McIlroy has his own set of memories from PGA National, not all of them good. Even though he won in 2012 to become No. 1 in the world for the first time, he followed that by playing 26 holes last year before walking off the course with his game in disrepair and his business affairs not much better.

McIlroy said it was a mistake to quit, something he won't ever do again. But the 24-year-old from Northern Ireland is in a better frame of mind this year. He is comfortable with his equipment. He's engaged. He has settled into his own management (though he still is going through a legal battle with his old firm). And he is playing like the guy everyone expected to be the biggest threat to Woods.

''I'm in a better place,'' McIlroy said. ''And I feel like when my game is in a good place, everything else can sort of fall in line with that. It makes me feel more comfortable about everything.''

Getty Images

What's in the bag: CareerBuilder winner Rahm

By Golf Channel DigitalJanuary 22, 2018, 10:37 pm

Jon Rahm defeated Andrew Landry in a playoff to earn his second PGA Tour title at the CareerBuilder Challenge. Here's what's in his bag:

Driver: TaylorMade M4 (9.5 degrees), with Aldila Tour Green 75 TX shaft

Fairway wood: TaylorMade M3 (19 degrees), with Aldila Tour Green 75 TX shaft

Irons: TaylorMade P790 (3), P750 (4-PW), with Project X 6.5 shafts

Wedges: TaylorMade Milled Grind (52, 56 degrees), Milled Grind Hi-Toe (60 degrees), with Project X 6.5 shafts

Putter: TaylorMade Spider Tour Red

Ball: TaylorMade TP5x

Getty Images

Strange irked by Rahm-Landry friendly playoff

By Jason CrookJanuary 22, 2018, 9:45 pm

Curtis Strange knows a thing or two about winning golf tournaments, and based on his reaction to the CareerBuilder Challenge playoff on Sunday, it’s safe to say he did things a little differently while picking up 17 PGA Tour victories in his Hall-of-Fame career.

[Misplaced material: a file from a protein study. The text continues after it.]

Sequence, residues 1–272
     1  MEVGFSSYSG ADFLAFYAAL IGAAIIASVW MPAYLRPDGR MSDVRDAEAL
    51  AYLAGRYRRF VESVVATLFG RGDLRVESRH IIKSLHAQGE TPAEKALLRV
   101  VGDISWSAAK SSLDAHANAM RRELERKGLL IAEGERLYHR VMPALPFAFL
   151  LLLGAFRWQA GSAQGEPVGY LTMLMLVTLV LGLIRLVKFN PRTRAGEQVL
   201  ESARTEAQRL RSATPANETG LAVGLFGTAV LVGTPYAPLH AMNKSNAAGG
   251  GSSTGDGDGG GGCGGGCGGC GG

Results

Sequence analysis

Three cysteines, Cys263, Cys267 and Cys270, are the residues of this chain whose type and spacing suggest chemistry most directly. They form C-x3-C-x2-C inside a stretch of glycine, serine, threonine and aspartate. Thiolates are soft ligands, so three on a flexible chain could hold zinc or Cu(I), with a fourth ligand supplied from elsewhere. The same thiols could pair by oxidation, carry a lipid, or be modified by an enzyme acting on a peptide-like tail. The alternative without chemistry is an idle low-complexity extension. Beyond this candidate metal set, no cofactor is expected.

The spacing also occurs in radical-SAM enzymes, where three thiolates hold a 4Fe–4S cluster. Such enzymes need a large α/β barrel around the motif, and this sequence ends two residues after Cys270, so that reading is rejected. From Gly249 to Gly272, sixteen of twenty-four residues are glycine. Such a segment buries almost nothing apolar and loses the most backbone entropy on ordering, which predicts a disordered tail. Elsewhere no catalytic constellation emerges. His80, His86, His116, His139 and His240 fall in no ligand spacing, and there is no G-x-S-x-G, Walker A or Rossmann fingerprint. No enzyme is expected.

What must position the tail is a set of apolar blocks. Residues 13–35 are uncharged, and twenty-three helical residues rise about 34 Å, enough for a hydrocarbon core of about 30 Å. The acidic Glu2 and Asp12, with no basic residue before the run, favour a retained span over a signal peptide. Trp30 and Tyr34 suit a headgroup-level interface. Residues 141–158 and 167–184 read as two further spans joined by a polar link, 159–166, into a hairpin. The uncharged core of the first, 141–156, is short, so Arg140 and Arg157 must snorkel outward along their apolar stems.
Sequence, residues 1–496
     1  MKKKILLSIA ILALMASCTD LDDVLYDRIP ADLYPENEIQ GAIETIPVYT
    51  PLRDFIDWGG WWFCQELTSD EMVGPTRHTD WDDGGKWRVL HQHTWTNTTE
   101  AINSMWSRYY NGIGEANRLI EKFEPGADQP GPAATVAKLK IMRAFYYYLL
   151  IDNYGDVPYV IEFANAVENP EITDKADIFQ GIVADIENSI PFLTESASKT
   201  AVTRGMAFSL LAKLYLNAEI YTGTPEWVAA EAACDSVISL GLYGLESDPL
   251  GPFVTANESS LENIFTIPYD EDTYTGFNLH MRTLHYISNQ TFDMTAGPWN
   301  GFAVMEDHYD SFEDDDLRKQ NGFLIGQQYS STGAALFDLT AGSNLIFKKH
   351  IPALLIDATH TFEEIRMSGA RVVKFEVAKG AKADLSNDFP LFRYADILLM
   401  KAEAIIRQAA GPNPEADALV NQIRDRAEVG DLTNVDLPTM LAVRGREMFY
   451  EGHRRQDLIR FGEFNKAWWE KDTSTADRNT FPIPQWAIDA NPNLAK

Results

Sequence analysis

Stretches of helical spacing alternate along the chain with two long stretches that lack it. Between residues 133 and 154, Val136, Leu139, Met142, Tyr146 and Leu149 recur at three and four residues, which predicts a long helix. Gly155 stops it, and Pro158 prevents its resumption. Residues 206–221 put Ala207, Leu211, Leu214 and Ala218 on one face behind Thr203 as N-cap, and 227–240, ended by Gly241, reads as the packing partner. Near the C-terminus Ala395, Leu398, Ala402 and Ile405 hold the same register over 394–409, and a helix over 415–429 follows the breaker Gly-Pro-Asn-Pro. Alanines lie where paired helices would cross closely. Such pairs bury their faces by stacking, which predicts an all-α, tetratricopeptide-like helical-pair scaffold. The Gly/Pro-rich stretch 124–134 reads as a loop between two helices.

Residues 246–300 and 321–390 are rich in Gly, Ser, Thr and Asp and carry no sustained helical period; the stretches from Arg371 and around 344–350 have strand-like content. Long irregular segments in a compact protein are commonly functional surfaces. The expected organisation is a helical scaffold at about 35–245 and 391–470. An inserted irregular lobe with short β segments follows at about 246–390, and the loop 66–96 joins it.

While Jon Rahm and Andrew Landry were “battling” through four extra holes, Strange, 62, tweeted his issues with the duo’s constant chit-chat and friendly banter down the stretch at La Quinta Country Club, where Rahm eventually came out on top.

The two-time U.S. Open champ then engaged with some followers to explain his point a little more in depth.

So, yeah ... don't think he's changing his perspective on this topic anytime soon ever.

Getty Images

Randall's Rant: The Euros won't just roll over

By Randall MellJanuary 22, 2018, 9:36 pm

The Ryder Cup may not be the King Kong of golf events yet, but you can hear the biennial international team event thumping its chest a full eight months out.

As anticipation for this year’s big events goes, there is more buzz about Europe’s bid to hold off a rejuvenated American effort in Paris in September than there is about the Masters coming up in April.

Thank Europe’s phenomenal success last weekend for that.

And Rory McIlroy’s impassioned remarks in Abu Dhabi.

And the provocative bulletin board material a certain Sports Illustrated writer provided the Europeans a couple months ago, with a stinging assault on the Euro chances that read like an obituary.

McIlroy was asked in a news conference before his 2018 debut last week what he was most excited about this year.

The Ryder Cup topped his list.

Though McIlroy will be trying to complete the career Grand Slam at Augusta National come April, he talked more about the Ryder Cup than he did any of the game’s major championships.

When asked a follow-up about the American team’s resurgence after a task-force overhaul and the injection of young, new star power, McIlroy nearly started breaking down the matchup. He talked about the young Americans and how good they are.